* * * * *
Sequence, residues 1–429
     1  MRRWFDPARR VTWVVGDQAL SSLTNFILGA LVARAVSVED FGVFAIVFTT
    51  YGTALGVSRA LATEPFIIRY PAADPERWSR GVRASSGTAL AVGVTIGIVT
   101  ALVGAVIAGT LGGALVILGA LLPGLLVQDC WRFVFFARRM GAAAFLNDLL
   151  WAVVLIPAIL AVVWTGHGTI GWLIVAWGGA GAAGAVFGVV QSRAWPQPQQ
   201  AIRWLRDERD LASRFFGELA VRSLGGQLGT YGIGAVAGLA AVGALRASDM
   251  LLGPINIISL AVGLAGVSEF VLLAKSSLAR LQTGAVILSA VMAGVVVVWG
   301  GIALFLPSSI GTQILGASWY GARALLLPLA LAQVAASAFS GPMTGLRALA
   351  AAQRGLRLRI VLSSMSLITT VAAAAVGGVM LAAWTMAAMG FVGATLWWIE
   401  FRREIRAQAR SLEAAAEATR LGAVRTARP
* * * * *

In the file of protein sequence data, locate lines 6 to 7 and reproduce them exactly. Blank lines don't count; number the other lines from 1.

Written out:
   201  AIRWLRDERD LASRFFGELA VRSLGGQLGT YGIGAVAGLA AVGALRASDM
   251  LLGPINIISL AVGLAGVSEF VLLAKSSLAR LQTGAVILSA VMAGVVVVWG